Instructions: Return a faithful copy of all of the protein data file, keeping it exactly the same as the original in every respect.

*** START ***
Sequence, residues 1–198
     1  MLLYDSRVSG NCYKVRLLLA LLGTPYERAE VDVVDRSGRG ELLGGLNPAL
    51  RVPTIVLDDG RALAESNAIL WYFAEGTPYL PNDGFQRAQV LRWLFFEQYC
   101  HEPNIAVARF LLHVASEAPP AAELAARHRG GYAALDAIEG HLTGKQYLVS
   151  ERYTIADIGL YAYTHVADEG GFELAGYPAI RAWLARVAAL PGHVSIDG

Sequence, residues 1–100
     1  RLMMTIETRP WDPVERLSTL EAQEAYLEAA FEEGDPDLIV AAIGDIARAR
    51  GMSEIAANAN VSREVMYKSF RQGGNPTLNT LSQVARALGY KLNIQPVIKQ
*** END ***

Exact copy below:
Sequence, residues 1–198
     1  MLLYDSRVSG NCYKVRLLLA LLGTPYERAE VDVVDRSGRG ELLGGLNPAL
    51  RVPTIVLDDG RALAESNAIL WYFAEGTPYL PNDGFQRAQV LRWLFFEQYC
   101  HEPNIAVARF LLHVASEAPP AAELAARHRG GYAALDAIEG HLTGKQYLVS
   151  ERYTIADIGL YAYTHVADEG GFELAGYPAI RAWLARVAAL PGHVSIDG

Sequence, residues 1–100
     1  RLMMTIETRP WDPVERLSTL EAQEAYLEAA FEEGDPDLIV AAIGDIARAR
    51  GMSEIAANAN VSREVMYKSF RQGGNPTLNT LSQVARALGY KLNIQPVIKQ